Oil pastels are usually buttery and contain more oil content, so they can be blended more easily either by hand or with a neutral colour pastel. Oil pastels work great on good textured paper, for a smoother blending effect we can use our normal sketching paper which is less textured. I have used MontMarte A3 size sketch book and MontMarte Oil Pastels. Since oil pastels work differently than paints, it is important to start with a good quality pastel that works and blends smoothly.

There are many techniques to use oil pastels. In today's sketch, I am going to use a technique called Layering, where you gradually build up the layers of pastels to achieve the colour and depth you want in your sketch.

I have sketched a scene of a small café in Europe, using a graphite pencil. Once the initial sketch was ready, I started with the basic shades in the picture. In this case, I start with pink/peach for the walls and tables, grey and black for the door, floor and parts of the background.
Its necessary to start with the basic shades as we can blend in more colours to produce gradients and we can also use contrast shades to highlight. You can either blend with your fingers or use blending stumps. I have used blue to highlight the chairs & tables and light/dark shades of green for the bushes and yellow for the flooring and door. (It is important to wipe your fingers and the pastel sticks in between so you do not end up transferring one colour to another)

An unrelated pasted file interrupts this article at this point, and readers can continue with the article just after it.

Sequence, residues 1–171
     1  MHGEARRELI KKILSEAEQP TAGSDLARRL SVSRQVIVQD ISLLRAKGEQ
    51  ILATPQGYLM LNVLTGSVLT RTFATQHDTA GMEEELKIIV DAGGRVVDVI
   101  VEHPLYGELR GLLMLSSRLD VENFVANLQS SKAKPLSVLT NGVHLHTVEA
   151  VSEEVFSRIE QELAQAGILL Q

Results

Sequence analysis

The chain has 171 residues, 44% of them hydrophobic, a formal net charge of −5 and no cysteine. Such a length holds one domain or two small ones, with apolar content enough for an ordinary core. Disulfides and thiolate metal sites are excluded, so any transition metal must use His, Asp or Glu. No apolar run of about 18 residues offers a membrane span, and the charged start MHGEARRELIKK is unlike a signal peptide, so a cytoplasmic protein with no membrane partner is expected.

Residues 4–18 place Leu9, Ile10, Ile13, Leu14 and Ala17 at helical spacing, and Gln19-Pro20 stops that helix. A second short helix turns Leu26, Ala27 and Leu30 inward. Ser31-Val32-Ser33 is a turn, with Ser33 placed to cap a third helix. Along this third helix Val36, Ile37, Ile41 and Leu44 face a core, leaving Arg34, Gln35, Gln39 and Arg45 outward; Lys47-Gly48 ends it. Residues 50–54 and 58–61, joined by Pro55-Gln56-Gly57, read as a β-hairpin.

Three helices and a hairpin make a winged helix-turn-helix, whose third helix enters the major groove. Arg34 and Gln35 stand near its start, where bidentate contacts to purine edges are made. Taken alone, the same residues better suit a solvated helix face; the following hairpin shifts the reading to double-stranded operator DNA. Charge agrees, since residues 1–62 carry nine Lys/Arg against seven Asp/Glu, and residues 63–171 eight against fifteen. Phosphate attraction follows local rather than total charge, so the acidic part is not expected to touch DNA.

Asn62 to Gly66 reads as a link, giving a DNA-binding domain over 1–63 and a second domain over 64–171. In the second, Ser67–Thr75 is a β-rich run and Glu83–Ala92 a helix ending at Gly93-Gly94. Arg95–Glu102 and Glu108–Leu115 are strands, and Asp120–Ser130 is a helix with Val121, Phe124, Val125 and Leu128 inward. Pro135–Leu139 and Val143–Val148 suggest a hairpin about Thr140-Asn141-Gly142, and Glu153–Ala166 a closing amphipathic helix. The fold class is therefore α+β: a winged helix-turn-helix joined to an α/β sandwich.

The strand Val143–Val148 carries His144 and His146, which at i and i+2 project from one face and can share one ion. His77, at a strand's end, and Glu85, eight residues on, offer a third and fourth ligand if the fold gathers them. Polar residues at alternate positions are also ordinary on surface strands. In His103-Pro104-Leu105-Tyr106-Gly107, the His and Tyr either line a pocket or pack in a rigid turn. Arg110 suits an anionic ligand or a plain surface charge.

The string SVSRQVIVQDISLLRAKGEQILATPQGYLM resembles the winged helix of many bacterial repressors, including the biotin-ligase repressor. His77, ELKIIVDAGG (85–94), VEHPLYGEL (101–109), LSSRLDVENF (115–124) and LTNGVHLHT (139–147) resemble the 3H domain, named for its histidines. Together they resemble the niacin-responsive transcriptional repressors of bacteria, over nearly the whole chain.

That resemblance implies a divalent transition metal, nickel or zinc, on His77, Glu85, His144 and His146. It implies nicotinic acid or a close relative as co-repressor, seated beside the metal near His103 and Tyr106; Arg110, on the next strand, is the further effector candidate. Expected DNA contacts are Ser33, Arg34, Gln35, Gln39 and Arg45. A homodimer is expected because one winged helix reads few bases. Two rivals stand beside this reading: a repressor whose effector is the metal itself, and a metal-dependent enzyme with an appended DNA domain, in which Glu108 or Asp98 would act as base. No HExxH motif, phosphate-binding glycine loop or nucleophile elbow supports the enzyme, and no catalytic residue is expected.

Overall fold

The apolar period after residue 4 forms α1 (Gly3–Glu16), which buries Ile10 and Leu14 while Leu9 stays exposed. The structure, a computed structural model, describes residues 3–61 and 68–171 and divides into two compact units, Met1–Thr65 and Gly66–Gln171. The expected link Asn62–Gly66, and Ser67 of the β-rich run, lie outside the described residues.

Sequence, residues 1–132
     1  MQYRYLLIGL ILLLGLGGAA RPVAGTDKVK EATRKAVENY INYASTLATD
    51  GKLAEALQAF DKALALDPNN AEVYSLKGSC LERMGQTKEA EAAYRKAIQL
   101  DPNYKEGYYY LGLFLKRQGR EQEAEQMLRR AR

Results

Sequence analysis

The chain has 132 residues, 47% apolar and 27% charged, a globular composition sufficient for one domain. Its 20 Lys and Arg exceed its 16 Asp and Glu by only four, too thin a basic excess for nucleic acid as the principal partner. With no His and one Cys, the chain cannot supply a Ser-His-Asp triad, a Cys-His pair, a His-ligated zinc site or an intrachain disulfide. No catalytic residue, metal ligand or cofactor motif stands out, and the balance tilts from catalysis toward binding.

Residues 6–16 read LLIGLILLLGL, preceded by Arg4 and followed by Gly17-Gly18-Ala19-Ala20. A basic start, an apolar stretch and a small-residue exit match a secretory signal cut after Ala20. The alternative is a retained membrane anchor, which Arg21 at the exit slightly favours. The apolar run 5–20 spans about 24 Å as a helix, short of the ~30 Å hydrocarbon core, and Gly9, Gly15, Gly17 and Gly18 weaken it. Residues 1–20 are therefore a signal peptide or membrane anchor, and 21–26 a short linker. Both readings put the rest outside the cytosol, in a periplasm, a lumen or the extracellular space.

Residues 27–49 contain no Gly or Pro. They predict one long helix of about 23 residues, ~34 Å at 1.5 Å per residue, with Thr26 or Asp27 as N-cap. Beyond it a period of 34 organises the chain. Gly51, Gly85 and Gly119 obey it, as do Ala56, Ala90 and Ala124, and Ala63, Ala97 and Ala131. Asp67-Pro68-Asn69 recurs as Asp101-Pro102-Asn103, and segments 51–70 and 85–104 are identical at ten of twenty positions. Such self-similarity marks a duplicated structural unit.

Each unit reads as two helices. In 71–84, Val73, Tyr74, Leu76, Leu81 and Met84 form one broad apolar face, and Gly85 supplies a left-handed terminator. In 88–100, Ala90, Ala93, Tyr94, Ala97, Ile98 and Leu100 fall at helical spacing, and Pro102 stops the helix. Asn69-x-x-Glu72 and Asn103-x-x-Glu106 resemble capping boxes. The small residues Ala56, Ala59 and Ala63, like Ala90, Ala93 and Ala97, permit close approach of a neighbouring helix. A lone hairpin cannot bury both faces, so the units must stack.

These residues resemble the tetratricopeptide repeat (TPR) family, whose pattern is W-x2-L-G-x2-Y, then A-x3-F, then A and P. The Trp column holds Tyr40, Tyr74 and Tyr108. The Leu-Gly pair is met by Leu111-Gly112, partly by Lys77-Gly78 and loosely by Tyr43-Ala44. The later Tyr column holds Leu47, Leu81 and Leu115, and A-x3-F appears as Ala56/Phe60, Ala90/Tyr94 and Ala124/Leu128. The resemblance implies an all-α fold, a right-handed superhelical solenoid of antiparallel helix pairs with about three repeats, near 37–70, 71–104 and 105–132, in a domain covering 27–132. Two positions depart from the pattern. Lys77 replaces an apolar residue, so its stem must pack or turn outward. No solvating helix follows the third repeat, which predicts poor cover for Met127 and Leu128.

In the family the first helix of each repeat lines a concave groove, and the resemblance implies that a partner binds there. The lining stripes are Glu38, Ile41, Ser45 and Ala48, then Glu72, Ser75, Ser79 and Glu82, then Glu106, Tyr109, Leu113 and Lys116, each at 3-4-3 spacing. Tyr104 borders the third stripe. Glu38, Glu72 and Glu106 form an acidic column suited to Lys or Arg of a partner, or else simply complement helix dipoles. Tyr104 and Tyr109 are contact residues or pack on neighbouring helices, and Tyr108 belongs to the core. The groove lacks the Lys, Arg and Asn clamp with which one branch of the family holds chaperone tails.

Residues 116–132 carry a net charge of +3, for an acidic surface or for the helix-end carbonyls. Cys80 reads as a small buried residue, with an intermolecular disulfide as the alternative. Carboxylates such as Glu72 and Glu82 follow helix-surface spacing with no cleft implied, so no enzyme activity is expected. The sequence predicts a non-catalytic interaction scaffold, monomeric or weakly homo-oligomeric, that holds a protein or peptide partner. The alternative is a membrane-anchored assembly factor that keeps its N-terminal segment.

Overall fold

Make sure not to use too many shades in the same area, as the colours stop blending at one point after which the pastels start to stick . So plan for the shade you require and work towards achieving it with less than 3 colours.

You can notice the shadow of the window grill on the wall and shades of yellow on the right part of the sketch which indicates that the light source is on the left top corner. Paying attention to light sources and their effects on the object can bring about a great difference on how the finished sketch looks.

The final part of the sketch is the flooring. I have used shades of yellow to show the light on the ground and the shadowed areas are dark brown. The blue highlights are used to break the monotony of browns on the tiles. 
After the major areas are completed and blended, I have outlined the details of wine glasses & plates on the tables. The completed sketch is as below. 

Since oil pastels are of oil medium, the sketches don't stick to other surfaces and hence don't need to be sprayed with a fixative. Though you could spray fix it if you like. 

Oil pastels can also be used for 'Underpainting' of water colours or for making patterns by scraping into built layers with a sharp tool, a technique called 'Sgraffito'. Another great way of blending oil pastels is by using a solvent medium like turpentine or linseed oil just like an oil painting. But this requires a oil sketching paper to hold the oil content.

Do let me know what you think in the comments below!